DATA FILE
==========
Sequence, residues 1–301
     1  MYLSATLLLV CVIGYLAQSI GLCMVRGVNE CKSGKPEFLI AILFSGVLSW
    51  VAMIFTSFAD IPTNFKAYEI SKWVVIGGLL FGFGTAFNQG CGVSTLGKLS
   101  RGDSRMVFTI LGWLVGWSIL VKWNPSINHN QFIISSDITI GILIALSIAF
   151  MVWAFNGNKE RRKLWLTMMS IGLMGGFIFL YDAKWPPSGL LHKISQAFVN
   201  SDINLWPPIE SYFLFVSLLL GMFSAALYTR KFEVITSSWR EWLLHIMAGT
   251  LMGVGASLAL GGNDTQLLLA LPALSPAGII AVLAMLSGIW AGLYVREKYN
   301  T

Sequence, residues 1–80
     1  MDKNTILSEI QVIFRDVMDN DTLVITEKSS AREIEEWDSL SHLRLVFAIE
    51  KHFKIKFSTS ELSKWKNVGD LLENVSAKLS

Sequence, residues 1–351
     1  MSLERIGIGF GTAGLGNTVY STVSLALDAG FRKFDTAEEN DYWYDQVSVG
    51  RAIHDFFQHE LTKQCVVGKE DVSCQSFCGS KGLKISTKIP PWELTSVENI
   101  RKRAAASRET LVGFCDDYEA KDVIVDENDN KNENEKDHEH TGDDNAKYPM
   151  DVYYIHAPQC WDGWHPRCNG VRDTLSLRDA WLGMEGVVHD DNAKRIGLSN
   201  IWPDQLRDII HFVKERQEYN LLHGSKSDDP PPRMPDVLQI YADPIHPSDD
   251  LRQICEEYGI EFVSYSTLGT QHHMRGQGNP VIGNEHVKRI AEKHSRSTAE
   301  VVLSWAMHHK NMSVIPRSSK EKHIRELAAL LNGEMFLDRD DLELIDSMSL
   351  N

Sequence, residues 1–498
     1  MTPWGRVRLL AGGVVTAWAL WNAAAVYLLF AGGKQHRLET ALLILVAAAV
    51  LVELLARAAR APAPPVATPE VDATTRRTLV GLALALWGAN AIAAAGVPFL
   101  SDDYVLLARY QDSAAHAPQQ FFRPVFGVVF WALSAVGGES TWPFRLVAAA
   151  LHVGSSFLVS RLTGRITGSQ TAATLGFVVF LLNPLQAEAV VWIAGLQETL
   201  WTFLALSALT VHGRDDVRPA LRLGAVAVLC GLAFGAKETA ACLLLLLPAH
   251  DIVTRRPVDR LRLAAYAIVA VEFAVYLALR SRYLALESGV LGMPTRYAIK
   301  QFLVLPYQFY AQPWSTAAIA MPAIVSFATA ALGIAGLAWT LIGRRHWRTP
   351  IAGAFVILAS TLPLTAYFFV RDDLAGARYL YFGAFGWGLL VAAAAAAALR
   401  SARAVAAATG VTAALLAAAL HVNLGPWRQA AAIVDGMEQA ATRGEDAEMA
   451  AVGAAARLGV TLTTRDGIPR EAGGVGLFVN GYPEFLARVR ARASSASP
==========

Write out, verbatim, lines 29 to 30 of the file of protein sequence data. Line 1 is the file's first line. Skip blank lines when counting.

   351  IAGAFVILAS TLPLTAYFFV RDDLAGARYL YFGAFGWGLL VAAAAAAALR
   401  SARAVAAATG VTAALLAAAL HVNLGPWRQA AAIVDGMEQA ATRGEDAEMA